Training to boost wildlife crime investigation in Belum-Temengor, Malaysia
Kuala Lumpur, Malaysia, 24th April 2012—Enforcement officers from 11 agencies working across one of Peninsular Malaysia’s most important wildlife landscapes took part in a two-day intensive training session to boost wildlife crime investigation in the area.
Participants from the Royal Malaysian Police, Anti-Smuggling Unit and the Department of Wildlife and National Parks, working in the Belum-Temengor Forest Complex, were drilled in wildlife legislation, investigation techniques, informant handling as well as evidence collection and handling.
Officers from the Royal Malaysian Customs, Forestry Department, Marine Police, District Office, Perak State Parks Corporation, People’s Volunteer Corps, Immigration Department and the Armed Forces also participated.
The workshop organized by TRAFFIC Southeast Asia in collaboration with WWF-Malaysia and the Hulu Perak District Office was designed to strengthen investigations and increase the rate of prosecution in a landscape long considered an illegal hunting and trade hotspot.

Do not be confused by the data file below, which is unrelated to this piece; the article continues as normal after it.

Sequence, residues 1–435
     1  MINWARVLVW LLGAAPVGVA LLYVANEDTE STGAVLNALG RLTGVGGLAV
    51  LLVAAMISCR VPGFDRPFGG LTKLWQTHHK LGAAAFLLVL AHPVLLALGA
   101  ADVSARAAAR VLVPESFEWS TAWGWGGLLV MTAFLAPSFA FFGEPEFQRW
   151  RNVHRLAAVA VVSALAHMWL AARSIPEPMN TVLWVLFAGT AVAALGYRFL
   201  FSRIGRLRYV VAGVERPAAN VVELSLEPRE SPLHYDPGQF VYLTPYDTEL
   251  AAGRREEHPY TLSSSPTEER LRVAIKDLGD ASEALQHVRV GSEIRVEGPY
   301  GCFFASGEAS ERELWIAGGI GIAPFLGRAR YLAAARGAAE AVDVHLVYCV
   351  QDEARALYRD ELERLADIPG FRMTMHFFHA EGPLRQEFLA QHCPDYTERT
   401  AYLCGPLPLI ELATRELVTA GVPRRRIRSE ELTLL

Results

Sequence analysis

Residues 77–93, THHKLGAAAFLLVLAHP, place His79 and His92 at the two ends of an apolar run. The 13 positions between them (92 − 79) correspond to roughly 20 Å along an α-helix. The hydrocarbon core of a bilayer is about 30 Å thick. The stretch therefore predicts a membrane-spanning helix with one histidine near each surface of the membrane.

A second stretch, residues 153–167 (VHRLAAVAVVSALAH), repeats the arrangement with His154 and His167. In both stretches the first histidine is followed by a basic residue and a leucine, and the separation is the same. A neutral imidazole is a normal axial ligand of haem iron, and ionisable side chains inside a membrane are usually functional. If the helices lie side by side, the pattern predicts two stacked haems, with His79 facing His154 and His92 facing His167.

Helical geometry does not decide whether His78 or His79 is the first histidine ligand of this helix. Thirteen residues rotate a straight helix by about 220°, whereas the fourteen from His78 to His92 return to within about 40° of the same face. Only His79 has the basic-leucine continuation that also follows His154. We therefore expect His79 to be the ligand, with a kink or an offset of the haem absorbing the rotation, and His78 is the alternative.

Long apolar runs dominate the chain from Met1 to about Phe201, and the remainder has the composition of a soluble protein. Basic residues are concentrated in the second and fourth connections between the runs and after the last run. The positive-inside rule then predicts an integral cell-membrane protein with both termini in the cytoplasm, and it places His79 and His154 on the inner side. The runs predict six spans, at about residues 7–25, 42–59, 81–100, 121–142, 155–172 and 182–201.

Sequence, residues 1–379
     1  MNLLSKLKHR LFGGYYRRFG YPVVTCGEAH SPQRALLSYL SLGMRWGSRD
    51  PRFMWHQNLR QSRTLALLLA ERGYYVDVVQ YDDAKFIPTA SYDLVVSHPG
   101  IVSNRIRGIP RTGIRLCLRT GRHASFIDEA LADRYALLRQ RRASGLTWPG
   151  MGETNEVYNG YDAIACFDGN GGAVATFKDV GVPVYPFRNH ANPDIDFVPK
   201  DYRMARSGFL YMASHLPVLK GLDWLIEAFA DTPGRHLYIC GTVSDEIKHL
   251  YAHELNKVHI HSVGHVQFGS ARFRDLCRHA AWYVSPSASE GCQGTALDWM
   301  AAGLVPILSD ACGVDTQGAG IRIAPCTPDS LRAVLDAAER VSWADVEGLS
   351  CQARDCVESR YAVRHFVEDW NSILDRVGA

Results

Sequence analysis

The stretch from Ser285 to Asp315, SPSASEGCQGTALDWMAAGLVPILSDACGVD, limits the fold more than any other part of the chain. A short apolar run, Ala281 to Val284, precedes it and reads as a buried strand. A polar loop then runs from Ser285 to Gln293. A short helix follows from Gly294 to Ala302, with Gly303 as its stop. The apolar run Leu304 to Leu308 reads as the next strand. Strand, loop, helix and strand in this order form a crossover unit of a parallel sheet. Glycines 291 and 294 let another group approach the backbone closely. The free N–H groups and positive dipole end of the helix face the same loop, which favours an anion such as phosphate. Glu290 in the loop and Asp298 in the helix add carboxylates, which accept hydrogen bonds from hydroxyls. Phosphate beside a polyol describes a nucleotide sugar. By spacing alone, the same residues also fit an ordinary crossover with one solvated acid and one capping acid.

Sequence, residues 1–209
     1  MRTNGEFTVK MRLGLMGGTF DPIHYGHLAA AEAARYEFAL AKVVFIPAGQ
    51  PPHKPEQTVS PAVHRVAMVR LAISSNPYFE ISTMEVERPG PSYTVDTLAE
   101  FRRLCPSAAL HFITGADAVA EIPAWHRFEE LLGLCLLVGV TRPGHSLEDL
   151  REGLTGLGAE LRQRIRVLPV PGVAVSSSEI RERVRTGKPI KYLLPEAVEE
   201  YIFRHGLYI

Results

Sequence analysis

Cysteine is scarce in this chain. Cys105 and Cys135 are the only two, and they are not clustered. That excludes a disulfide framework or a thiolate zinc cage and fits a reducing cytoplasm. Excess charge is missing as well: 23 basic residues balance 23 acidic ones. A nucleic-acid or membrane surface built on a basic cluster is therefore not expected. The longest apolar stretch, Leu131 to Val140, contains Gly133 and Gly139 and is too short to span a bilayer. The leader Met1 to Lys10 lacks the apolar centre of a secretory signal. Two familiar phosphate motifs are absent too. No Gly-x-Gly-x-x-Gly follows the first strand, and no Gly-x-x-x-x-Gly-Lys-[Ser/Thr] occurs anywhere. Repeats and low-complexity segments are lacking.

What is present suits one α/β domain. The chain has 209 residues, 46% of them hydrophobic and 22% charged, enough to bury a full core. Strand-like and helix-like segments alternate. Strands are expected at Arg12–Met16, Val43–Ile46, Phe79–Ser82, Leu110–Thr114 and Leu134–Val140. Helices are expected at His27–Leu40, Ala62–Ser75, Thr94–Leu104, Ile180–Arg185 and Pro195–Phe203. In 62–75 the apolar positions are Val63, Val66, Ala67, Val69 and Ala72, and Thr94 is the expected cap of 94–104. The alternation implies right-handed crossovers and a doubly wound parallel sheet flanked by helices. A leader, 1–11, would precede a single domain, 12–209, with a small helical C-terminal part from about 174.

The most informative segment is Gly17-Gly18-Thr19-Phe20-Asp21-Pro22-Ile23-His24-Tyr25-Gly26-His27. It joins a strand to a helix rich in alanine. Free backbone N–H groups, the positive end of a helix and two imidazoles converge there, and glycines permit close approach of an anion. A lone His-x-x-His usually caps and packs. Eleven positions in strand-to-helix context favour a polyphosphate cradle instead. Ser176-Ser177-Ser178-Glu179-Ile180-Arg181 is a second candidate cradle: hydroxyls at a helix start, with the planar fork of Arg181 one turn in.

The forest complex is a globally important Tiger landscape and is also home to other endangered species such as pangolins that often turn up in raids.
Authorities have arrested four local poachers and seized 30 pangolins since last November. Recently there has also been an increase in the number of foreigners arrested for poaching agarwood, the dark aromatic deposits of resin produced in the heartwood of Aquilaria trees in response to wounding or penetration of the tree and infection by a mould.
During the last three years, more than 400 animals, including pangolins, Tigers, Asian Elephants, Gaur, and Sambar Deer have been killed in Belum-Temengor. In addition, 142 snares have been removed and numerous foreign poacher camps discovered in the area.
In response to the growing threats posed by wildlife poaching and smuggling, local agencies formed a Joint Enforcement Task Force in August 2010, but it has only carried out seven joint patrols, with limited success.
This includes the seizure of two tonnes of agarwood and 31 Mahseer Fish at a business premises operating at a jetty within the landscape. However, no prosecutions are known to have resulted.
The investigation course was helmed by a former senior police investigator with 20 years of experience working on serious crimes. The course aimed to close knowledge gaps and equip officers on the frontline with the confidence, skills and tools to fight wildlife crime.
The 30 enforcement officers join the ranks of 2,500 others that received training from TRAFFIC on species identification, wildlife trade regulations and investigations since 2009.